Yeah I've never really had a good sense of how powerful computers are when it comes to calculations like these... especially with Clickteam being 32-bit and all.
Anyhoo, I believe I fixed the shader for now, all that's in my way is the fact that it's "too complex" according to Clickteam (there are "more active values than registers", apparently).
I've tried my best to remove un-needed variables, but to no avail.
I've tested the shader where I removed the for-loop/color-index-search and instead just put a predefined index value (pointing to a specific color), which successfully colored the entire sprite in that color + offset, and the offset's limits also worked the way they should.
sampler2D img: register(s0); // Input screen (per pixel)
sampler2D Palette: register(s1); // Palette
float Xoffset; // X offset value
float Yoffset; // Y offset value
int Mode; // 0 = Normal, 1 = Rainbow, 2 = GameBoy
float4 ps_main(in float2 In : TEXCOORD0) : COLOR0
float4 Out = tex2D(img, In);
float2 PaletteCoord = (0.0, 0.0);
//PaletteCoord.x = 0.0;
//PaletteCoord.y = 0.0;
float4 PalOut = tex2D(Palette, PaletteCoord);
for (int i = 0; i < 58; i++)
if(Out.r != PalOut.r || Out.g != PalOut.g || Out.b != PalOut.b)
//if(Out.r != tex2D(Palette, PaletteCoord).r || Out.g != tex2D(Palette, PaletteCoord).g || Out.b != tex2D(Palette, PaletteCoord).b)
//if(tex2D(img, In) != tex2D(Palette, PaletteCoord))
// ^^ I tried several different ways to if-check this, the first one makes it lag horribly with an error saying
// the shader is too complex, while the second one creates the error "float expected".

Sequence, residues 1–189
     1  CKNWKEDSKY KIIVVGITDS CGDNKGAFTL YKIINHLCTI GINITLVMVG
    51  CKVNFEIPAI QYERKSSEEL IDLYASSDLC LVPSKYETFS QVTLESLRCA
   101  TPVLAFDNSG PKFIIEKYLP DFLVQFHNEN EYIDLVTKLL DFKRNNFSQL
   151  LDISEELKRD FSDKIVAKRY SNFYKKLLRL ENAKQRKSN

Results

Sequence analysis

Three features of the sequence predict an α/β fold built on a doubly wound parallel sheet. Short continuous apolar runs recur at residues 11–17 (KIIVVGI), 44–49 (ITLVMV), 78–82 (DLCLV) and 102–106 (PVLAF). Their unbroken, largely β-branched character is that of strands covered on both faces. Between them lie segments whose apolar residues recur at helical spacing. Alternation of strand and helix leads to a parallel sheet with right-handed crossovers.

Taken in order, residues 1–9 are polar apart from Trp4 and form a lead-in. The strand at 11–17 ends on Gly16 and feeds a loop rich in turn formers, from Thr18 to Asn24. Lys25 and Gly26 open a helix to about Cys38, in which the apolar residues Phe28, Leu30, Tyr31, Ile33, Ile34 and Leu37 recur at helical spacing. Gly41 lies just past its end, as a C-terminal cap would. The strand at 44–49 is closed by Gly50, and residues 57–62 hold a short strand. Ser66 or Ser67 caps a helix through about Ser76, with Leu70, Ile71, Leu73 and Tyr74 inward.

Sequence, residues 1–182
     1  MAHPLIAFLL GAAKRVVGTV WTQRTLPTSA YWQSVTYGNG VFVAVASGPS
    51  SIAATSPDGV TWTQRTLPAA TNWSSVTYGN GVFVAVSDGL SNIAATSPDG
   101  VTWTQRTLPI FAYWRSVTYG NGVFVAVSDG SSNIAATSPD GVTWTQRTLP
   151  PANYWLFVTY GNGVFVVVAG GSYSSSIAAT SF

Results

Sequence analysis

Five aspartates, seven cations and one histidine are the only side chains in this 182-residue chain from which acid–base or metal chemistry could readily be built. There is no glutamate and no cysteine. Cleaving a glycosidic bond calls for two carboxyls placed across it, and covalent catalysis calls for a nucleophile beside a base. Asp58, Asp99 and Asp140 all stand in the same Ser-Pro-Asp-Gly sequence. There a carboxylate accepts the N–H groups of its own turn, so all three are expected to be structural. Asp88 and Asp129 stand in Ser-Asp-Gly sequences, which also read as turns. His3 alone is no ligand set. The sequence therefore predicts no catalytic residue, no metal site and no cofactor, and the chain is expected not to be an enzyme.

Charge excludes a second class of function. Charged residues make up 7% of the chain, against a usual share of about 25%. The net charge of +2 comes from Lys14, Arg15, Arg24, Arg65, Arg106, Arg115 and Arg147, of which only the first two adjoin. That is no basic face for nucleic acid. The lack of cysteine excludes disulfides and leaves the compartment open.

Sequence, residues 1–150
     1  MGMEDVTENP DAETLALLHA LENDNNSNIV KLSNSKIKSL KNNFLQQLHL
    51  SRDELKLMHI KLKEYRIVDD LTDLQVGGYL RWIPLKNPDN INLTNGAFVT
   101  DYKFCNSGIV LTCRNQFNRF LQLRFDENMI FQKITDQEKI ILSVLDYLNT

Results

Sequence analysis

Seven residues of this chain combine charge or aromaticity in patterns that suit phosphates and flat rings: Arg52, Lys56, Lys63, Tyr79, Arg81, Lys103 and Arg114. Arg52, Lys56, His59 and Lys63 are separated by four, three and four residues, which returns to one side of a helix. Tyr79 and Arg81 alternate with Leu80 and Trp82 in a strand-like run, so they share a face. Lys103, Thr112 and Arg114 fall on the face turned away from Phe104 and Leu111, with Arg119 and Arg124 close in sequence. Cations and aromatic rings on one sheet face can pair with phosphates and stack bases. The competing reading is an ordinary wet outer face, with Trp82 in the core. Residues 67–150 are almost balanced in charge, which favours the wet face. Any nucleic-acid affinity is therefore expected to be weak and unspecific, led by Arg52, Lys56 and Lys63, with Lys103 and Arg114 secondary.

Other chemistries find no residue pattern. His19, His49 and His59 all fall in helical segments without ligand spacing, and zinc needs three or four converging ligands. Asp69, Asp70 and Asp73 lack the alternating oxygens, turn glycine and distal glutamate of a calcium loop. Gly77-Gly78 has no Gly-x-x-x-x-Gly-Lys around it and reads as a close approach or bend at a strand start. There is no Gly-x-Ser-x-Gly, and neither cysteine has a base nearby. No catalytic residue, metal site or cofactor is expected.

PaletteCoord.x = fmod(i, 16) / 16;
PaletteCoord.y = (floor(i / 16)) / 4;
i = 58; // I tried break; but it didn't work, so this breaks the loop instead.
// There are 57 different colors, but 8 of the 64 spots in the palette are the same pink color which is used for transparency, and I have no need for 7 extra colors.
// so 56 colors + 1 transparent color (pink).
//PaletteCoord.x += (Xoffset / 16);
if((PaletteCoord.y + (Yoffset / 4)) > 0.75)
PaletteCoord.y = 0.75;
else if((PaletteCoord.y + (Yoffset / 4)) < 0)
PaletteCoord.y = 0.0;
PaletteCoord.y += (Yoffset / 4);
Out.rgb = tex2D(Palette, PaletteCoord).rgb;
VertexShader = NULL;
PixelShader = compile ps_2_0 ps_main();
The error used to say something about there being 32 values when D3D9 only allows 31, but now that I've removed some unnecessary values, it now believes there are still more than it has been able to register.
Any idea on how this could be fixed?
Edit: I just tried switching the number of times the for-loop would run, and it appeared to fix it. With the way the for-loop is designed now (+ the if-statement thingy inside) Clickteam can only afford to run the for-loop about 5-6 times... So yeah a for-loop is most likely out of the question...
But anyway, this brings me back to another method I was trying out before I saw your reply Looki, which is to use the RGB values of the input to make a unique seed, which can be used to get a pre-defined index value in an array. The only problem with it was that it was difficult to find a way to generate a seed that would be unique for each color, since all the colors Red and Green values here are divisible by 4, and the Blue values are divisible by 8, there's a lot of similar numbers. But I found a way, by writing a program in C# that would calculate each color with this seed-generator. And then use a "check list for duplicates" website.
The thing that stopped me from doing it this way before, was that Clickteam would lag horribly every time I used the seed-calculation to find the index value (which is in an INT array with 2048 spots, that btw works fine if I skip the calculation and input a certain seed-result instead). The problem persists. The seed-calculation must be too long...